Sen. Ted Cruz, R-Texas, is not wearing a mask to protect against COVID-19 while at the Capitol.
Cruz, in remarks to CNN, said vaccinations have made it possible for him to ditch the nose and mouth covering.
"At this point I've been vaccinated," he said. "Everybody working in the Senate has been vaccinated."
He added: "CDC has said in small groups, particularly with people who were vaccinated don't need to wear masks."
CNN noted his remarks came as entered a Capitol elevator with two aides, both of whom were wearing masks.
According to CNN, current guidance from the Centers for Disease Control and Prevent says because "we're still learning how vaccines will affect the spread of COVID-19" it's important that "after you've been fully vaccinated against COVID-19, you should keep taking precautions — like wearing a mask, staying 6 feet apart from others, and avoiding crowds and poorly ventilated spaces—in public places until we know more."
House members and aides are required to wear masks. The lawmakers face fines if they don't wear them on the floor of the House. However, the Senate has no similar rules.
The Hill said that a reporter had requested Cruz wear a mask during a press event last month.
"Uh, yeah, when I'm talking in front of the TV cameras I'm not going to wear a mask," Cruz told the reporter. "And all of us have been immunized, so...
"You're welcome to step away if you like. The whole point of a vaccine ... CDC guidance is what we're following."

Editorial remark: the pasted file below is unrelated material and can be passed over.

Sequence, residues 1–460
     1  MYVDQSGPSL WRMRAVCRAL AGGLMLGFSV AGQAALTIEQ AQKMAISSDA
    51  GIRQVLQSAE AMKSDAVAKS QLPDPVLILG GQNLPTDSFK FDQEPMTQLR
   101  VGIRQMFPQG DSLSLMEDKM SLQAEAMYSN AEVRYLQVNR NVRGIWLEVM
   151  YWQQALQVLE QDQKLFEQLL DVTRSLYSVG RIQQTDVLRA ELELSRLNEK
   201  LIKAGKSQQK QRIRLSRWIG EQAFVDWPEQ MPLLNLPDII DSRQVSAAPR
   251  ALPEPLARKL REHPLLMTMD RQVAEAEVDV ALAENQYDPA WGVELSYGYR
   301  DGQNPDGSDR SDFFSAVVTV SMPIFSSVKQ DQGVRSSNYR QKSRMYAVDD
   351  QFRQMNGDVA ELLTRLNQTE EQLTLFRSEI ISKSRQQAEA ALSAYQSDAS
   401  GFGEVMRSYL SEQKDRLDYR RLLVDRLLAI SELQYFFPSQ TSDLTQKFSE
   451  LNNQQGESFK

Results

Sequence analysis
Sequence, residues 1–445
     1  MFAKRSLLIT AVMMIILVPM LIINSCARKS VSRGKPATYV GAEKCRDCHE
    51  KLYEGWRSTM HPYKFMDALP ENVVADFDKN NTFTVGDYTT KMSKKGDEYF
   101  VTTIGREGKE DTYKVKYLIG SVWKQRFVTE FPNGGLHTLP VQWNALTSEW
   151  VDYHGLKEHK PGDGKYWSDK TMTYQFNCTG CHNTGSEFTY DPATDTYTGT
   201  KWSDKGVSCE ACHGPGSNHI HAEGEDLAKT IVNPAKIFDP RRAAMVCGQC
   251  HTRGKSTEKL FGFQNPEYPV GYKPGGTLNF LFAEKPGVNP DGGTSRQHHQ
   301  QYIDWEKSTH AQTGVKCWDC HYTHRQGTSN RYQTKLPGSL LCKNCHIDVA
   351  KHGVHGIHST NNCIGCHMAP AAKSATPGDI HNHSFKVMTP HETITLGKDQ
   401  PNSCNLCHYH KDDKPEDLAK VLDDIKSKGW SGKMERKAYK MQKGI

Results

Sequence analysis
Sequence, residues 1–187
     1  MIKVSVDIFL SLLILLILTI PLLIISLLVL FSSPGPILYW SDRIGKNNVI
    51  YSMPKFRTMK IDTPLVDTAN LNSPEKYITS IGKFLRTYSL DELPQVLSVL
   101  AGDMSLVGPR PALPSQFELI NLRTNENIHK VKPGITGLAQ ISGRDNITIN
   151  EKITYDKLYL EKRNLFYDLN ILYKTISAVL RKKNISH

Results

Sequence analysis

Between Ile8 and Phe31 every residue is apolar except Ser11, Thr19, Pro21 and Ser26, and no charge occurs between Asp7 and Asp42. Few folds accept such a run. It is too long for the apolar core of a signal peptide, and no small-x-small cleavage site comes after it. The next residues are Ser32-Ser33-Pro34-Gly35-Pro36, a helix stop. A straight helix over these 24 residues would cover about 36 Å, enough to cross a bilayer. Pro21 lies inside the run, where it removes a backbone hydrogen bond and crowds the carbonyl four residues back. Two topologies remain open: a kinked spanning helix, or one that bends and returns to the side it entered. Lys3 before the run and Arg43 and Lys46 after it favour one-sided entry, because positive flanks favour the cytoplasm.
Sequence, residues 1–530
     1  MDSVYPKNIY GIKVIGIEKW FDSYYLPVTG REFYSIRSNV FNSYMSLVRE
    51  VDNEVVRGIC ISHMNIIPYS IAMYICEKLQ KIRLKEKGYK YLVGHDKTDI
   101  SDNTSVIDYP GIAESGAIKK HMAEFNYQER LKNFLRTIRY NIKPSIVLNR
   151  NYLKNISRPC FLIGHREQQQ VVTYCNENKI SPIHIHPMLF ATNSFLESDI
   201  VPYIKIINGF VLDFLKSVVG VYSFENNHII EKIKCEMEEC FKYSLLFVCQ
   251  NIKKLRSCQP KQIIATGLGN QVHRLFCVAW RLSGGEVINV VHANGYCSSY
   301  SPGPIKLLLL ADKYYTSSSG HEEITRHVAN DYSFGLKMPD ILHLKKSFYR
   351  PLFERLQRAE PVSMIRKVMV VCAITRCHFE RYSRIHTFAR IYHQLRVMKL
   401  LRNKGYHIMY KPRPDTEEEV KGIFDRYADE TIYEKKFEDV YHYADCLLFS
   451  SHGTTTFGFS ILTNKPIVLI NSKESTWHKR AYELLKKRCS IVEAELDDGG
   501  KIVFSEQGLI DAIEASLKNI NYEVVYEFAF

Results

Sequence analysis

And CNN said that in February, Cruz had complained to the Conservative Political Action Conference that Americans were going to be forced to wear masks for "the next 300 years."
"Not just one mask, two three, four," he said. "You can't have too many masks. How much virtue do you want to signal? This is just dumb."
Last month, Sen. Rand Paul, R-Ky., went off on Dr. Anthony Fauci at a Senate hearing, charging the coronavirus expert’s continued use of masks in public after he was fully vaccinated is "just theater."
In a combative exchange, Paul pressed Fauci about the efficacy of masks— and a frustrated Fauci insisted COVID variants are a problem.
"You’re telling everybody to wear a mask, whether they’ve had an infection or a vaccine," Paul said.
"What I’m saying is: They have immunity, and everybody agrees they have immunity," he continued. "What studies do you have that people that have had the vaccine or have had the infection are spreading the infection? If we’re not spreading the infection, isn’t it just theater? … You’ve had the vaccine, and you’re wearing two masks. Is that just theater?"
Paul was referencing a study that suggests there is immunity after an infection or vaccine.
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